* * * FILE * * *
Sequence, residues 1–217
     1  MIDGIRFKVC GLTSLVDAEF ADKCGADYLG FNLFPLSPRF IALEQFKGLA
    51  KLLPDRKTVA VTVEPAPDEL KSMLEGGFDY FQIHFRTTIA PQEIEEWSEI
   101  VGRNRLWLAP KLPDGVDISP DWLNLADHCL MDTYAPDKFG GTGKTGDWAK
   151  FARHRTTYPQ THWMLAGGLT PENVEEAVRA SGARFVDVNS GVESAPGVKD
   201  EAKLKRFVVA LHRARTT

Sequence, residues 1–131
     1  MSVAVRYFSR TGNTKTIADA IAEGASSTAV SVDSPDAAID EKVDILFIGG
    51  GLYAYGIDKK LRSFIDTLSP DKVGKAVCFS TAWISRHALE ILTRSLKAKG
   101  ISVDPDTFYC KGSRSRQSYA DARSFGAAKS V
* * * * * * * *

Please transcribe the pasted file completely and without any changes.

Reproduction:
Sequence, residues 1–217
     1  MIDGIRFKVC GLTSLVDAEF ADKCGADYLG FNLFPLSPRF IALEQFKGLA
    51  KLLPDRKTVA VTVEPAPDEL KSMLEGGFDY FQIHFRTTIA PQEIEEWSEI
   101  VGRNRLWLAP KLPDGVDISP DWLNLADHCL MDTYAPDKFG GTGKTGDWAK
   151  FARHRTTYPQ THWMLAGGLT PENVEEAVRA SGARFVDVNS GVESAPGVKD
   201  EAKLKRFVVA LHRARTT

Sequence, residues 1–131
     1  MSVAVRYFSR TGNTKTIADA IAEGASSTAV SVDSPDAAID EKVDILFIGG
    51  GLYAYGIDKK LRSFIDTLSP DKVGKAVCFS TAWISRHALE ILTRSLKAKG
   101  ISVDPDTFYC KGSRSRQSYA DARSFGAAKS V